Splunk’s Mann: CIOs Should Consider Bold, Disruptive Investments
… he had asked his customers what they wanted, they would have said a faster horse. If a CEO or an IT leader asks a team what they want, they might just say they want a faster horse. They want to do the job they’re currently doing but do it better and faster. And that’s perfectly legitimate. But by the same token, a transformational CIO needs to have a vision of their own. And he or she needs to be able to lead their people into change, even though those people didn’t necessarily see why that change was necessary.
CF: What about when that change involves eliminating any number of jobs in an IT organization. What’s the best approach to dealing with that?
AM: There are always going to be people who will not be able to come along with the change. And that’s one of the hardest jobs I think any leader has, is restructuring their organization. And in some cases, removing the people who can’t help them succeed. I believe there’s a huge value that, for lack of a better word, legacy or traditional IT people have, when you go through these changes. If you can bring them along, the long-term workers have deep, deep insight into your business, into the processes into the people and the politics of departments. They are incredibly valuable. That involves working with them, retraining, and in a lot of cases, showing them the benefit of these changes.
CF: From a technology acquisition perspective, what are some of the most difficult decisions CIOs have to make?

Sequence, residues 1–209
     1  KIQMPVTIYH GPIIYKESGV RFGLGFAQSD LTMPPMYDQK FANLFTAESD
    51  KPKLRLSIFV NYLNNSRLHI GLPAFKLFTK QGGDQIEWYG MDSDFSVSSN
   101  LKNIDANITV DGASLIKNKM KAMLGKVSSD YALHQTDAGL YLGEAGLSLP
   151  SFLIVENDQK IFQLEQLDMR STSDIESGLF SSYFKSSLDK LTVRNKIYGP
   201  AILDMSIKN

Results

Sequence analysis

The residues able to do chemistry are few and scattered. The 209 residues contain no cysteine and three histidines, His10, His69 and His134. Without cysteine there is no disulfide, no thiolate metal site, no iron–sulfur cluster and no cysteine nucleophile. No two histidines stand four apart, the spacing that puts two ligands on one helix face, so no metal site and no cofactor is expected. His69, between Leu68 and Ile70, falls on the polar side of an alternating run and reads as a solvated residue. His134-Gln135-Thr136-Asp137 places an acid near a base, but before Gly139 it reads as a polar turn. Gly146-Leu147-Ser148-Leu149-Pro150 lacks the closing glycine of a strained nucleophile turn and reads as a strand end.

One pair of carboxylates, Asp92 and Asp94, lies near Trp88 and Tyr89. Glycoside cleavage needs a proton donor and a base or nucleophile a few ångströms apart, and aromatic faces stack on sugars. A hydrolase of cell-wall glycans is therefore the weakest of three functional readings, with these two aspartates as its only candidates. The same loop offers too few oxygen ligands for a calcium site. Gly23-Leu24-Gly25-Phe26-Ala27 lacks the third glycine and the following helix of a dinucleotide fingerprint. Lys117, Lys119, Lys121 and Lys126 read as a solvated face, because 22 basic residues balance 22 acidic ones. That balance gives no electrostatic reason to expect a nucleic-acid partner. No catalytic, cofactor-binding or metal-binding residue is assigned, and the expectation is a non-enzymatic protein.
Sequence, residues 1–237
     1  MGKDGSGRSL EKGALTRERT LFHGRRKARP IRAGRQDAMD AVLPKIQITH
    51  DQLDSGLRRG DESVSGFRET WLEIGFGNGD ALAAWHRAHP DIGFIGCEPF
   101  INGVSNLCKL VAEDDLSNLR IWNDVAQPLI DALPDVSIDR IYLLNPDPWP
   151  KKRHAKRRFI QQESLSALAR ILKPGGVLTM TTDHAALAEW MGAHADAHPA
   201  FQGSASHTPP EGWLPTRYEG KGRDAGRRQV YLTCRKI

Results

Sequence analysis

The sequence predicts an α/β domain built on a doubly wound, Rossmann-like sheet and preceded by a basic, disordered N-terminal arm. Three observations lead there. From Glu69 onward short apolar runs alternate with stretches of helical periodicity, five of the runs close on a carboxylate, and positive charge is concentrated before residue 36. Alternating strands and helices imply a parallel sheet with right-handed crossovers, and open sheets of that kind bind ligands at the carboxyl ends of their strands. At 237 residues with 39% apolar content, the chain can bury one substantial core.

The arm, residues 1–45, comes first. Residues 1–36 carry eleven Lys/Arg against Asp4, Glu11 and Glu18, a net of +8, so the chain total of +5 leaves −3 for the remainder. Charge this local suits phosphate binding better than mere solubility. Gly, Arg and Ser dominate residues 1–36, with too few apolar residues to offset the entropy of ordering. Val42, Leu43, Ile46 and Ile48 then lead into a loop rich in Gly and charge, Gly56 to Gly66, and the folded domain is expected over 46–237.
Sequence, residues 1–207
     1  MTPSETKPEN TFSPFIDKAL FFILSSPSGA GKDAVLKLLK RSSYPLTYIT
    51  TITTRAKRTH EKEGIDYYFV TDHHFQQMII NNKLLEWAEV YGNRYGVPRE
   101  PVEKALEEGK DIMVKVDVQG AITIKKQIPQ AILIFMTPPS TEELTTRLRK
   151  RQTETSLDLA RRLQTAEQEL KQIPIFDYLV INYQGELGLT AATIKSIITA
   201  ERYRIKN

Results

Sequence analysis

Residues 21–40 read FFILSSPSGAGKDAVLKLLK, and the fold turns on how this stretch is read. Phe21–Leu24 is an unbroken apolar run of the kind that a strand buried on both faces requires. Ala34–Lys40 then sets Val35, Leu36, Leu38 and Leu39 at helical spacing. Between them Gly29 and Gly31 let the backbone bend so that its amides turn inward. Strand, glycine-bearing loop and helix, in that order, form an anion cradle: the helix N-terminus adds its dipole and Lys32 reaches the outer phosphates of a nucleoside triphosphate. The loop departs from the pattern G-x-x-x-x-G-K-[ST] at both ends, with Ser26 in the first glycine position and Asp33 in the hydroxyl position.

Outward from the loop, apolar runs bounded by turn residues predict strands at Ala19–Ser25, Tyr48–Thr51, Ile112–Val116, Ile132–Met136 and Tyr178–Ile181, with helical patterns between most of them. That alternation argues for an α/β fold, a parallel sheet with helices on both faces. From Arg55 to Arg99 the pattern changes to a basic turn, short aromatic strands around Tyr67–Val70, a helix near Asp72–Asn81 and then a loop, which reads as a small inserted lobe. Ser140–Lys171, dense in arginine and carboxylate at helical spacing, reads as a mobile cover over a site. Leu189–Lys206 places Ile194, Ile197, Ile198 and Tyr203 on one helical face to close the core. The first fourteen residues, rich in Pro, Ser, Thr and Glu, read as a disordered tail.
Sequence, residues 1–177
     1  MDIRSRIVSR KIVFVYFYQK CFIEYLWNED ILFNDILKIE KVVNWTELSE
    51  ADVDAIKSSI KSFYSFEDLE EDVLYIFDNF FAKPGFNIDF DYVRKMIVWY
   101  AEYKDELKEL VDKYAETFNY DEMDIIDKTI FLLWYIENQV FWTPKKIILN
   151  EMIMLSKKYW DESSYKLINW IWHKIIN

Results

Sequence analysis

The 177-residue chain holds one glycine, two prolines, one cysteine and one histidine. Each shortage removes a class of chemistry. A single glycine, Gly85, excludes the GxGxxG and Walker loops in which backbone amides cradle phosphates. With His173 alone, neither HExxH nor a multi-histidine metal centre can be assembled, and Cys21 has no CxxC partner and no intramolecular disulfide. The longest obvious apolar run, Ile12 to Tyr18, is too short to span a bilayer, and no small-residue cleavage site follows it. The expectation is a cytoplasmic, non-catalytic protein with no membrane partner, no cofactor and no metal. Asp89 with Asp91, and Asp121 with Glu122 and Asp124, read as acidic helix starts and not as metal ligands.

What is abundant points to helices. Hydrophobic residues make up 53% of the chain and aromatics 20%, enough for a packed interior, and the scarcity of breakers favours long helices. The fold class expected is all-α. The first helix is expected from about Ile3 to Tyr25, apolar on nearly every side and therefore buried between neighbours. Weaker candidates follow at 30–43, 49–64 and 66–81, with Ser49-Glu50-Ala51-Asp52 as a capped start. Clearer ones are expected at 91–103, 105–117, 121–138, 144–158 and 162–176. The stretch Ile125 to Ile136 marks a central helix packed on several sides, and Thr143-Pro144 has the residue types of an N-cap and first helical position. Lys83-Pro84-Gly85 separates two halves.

Mann: One of the biggest and most difficult decisions that I think transformational CIOs make is radical change. It’s relatively easy for small companies to pivot and fundamentally rewrite their rules of engagement, their corporate missions, their visions, what audience they’re going after or even the product they’re trying to sell. And yet, when we see traditional companies that failed to pivot, the impact is potentially even greater. The classic stories about Blockbuster and Kodak and companies that failed to pivot, they were afraid to radically reinvent even a part of their business. And so, I think one of the biggest challenges that they face is biting the bullet when they need radical innovation — when incremental innovation will not cut it.
CF: What roll can integrators and the partner community play in helping them go through that transition?
AM: Channel partners can be absolutely radical in guiding businesses through reinvention and innovation. A big part of that is …